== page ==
Prior to 2012, unmanned aircraft systems (UAS) technology had been primarily used by the military and hobbyists, but it has more recently transitioned to broader application, including commercial and scientific applications, as well as to expanded military use. These new uses encroach on existing structures for managing the nation’s airspace and present significant challenges to ensure that UASs are coordinated safely and suitably with existing manned aircraft and air traffic management systems, particularly with the National Airspace System (NAS). Of particular concern is the interaction between human pilots, operators, or controllers and increasingly automated systems. Enhanced understanding of these interactions is essential to avoid unintended consequences, especially as new technologies emerge. In order to explore these issues, the National Academies of Sciences, Engineering, and Medicine organized a 2-day workshop in January 2018. This publication summarizes the presentations and discussions from the workshop.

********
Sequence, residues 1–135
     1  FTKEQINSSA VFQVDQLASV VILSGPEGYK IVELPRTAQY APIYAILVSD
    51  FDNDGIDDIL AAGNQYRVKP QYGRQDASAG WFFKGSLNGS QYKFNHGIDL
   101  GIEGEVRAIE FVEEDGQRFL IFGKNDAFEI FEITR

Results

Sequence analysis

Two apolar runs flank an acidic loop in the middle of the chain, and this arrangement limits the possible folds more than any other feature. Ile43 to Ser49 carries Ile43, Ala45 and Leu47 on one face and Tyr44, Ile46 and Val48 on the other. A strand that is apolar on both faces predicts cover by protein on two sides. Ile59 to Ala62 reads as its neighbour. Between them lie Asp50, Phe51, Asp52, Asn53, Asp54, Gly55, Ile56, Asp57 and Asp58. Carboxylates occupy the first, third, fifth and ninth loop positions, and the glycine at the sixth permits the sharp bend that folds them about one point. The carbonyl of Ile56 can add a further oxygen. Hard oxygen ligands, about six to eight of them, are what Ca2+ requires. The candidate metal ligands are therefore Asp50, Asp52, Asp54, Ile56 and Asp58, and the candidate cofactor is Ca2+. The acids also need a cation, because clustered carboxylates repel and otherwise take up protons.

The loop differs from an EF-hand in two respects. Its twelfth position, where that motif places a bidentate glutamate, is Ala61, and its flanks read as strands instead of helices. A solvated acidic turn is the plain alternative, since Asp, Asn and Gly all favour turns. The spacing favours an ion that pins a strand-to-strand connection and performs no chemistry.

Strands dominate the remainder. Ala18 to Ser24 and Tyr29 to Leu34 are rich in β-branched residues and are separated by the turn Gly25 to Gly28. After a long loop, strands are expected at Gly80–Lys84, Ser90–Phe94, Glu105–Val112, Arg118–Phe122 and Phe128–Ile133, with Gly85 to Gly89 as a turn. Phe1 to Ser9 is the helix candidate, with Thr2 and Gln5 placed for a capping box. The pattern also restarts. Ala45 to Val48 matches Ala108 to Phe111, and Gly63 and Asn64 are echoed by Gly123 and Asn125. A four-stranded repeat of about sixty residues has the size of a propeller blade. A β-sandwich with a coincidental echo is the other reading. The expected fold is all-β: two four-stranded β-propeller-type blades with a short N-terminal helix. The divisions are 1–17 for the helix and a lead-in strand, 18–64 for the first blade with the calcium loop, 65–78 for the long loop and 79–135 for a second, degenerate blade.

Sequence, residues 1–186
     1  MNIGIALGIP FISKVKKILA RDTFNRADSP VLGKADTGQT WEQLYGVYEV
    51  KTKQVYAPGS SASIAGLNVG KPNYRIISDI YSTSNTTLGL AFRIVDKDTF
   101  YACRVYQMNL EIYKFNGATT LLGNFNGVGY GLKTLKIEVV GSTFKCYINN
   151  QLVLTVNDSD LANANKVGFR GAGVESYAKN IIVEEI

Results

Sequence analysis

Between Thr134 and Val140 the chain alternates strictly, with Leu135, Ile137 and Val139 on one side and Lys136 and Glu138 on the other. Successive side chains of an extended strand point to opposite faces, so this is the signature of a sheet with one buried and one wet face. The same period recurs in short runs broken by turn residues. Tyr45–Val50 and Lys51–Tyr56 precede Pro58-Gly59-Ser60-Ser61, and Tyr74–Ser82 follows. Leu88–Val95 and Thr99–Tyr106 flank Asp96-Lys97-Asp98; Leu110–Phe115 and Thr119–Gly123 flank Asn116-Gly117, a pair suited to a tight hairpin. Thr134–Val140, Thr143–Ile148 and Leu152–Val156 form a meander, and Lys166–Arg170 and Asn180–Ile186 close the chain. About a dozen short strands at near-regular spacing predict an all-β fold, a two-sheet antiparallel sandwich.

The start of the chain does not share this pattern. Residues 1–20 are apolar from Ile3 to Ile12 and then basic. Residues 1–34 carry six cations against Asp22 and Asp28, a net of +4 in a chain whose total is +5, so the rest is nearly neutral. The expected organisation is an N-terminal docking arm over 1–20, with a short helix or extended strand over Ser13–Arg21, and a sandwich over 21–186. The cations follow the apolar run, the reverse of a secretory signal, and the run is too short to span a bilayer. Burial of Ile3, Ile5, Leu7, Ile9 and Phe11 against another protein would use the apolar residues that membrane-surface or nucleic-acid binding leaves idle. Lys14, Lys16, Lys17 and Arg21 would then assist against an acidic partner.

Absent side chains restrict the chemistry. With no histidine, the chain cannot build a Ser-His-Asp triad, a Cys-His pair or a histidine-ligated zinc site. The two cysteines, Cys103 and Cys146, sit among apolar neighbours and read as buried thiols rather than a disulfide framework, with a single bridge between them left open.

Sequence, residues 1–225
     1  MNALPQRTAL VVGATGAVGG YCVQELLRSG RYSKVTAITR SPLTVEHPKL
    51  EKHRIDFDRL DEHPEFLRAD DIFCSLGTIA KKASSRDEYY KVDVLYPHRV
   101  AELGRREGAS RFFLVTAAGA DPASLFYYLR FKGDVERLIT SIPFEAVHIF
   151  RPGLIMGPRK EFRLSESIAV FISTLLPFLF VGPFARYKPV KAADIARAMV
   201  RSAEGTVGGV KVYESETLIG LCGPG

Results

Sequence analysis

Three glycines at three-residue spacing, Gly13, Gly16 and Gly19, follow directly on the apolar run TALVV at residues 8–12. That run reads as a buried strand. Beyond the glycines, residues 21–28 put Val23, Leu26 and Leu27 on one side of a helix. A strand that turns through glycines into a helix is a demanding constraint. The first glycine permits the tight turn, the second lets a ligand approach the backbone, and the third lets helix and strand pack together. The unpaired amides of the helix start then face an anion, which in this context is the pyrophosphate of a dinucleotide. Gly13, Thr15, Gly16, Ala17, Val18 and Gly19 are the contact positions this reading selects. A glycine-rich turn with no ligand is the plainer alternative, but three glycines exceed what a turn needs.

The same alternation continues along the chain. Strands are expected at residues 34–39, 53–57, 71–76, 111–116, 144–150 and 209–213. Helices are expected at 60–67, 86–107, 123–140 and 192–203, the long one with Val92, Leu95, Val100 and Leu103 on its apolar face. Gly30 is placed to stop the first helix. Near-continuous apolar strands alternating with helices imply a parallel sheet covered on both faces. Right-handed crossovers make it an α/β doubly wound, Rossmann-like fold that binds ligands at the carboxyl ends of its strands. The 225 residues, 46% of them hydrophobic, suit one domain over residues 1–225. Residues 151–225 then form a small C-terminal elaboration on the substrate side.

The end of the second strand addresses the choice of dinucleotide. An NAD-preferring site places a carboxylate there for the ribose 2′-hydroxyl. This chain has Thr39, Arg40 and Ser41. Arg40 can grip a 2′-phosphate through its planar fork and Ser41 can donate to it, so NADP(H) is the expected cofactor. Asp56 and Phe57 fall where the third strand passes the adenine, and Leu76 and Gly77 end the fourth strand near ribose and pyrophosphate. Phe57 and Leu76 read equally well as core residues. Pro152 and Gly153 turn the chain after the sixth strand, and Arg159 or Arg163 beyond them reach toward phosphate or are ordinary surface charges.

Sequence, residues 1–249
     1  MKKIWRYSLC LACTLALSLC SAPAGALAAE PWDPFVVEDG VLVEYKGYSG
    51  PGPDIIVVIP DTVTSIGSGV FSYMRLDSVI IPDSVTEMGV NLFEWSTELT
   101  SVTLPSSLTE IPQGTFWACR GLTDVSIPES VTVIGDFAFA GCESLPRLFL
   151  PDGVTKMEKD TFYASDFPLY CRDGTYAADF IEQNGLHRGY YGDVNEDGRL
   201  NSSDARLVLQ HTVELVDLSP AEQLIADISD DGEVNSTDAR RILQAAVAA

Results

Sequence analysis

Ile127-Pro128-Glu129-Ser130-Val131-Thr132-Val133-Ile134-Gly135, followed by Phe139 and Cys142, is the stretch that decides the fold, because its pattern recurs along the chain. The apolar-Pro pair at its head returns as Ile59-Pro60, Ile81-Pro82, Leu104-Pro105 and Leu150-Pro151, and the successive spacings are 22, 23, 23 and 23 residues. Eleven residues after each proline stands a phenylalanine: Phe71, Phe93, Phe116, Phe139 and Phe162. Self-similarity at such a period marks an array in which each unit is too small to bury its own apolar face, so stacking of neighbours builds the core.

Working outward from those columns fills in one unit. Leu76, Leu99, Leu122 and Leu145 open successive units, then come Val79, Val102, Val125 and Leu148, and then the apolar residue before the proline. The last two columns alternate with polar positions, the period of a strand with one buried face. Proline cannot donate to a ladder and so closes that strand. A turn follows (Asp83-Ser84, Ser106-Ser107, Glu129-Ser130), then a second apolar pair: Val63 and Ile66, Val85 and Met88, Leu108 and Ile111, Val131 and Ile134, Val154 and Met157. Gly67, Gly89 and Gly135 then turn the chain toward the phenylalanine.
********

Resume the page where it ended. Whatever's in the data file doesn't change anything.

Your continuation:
National Academies of Sciences, Engineering, and Medicine. 2018. Human-Automation Interaction Considerations for Unmanned Aerial System Integration into the National Airspace System: Proceedings of a Workshop. Washington, DC: The National Academies Press. https://doi.org/10.17226/25009.
|2 Human-Systems Integration Issues for UASs and Automation Technologies||5-8|
|3 The Reality of Full Ground-Control Automation||9-12|
|4 Transition Planning from Old to New Ground-Control Systems||13-16|
|5 Near-Term Human-Systems Integration Challenges with UAS Automation||17-18|
|6 Knowledge Gaps||19-22|
|7 DoD R&D Efforts in Ground-Control Systems||23-26|
|8 Man vs. Machine or Man Machine?||27-30|
|9 Considerations for a Remote Pilot in Command||31-36|
|10 Final Thoughts||37-40|
|Appendix A: Workshop Participants||43-46|
|Appendix B: Workshop Agenda||47-50|
|Appendix C: Biographical Sketches of Steering Committee Members and Presenters||51-56|
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